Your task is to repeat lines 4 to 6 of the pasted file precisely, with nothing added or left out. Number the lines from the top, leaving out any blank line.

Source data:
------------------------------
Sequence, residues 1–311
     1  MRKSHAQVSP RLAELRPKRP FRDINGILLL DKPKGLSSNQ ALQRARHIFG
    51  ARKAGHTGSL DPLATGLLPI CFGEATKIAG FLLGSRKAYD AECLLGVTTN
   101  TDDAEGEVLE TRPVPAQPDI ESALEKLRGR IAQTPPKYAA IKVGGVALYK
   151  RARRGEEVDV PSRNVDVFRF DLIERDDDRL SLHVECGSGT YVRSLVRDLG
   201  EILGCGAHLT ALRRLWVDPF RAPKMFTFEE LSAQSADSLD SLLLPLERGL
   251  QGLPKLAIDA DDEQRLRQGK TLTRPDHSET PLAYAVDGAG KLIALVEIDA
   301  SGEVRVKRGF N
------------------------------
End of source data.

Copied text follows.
   101  TDDAEGEVLE TRPVPAQPDI ESALEKLRGR IAQTPPKYAA IKVGGVALYK
   151  RARRGEEVDV PSRNVDVFRF DLIERDDDRL SLHVECGSGT YVRSLVRDLG
   201  EILGCGAHLT ALRRLWVDPF RAPKMFTFEE LSAQSADSLD SLLLPLERGL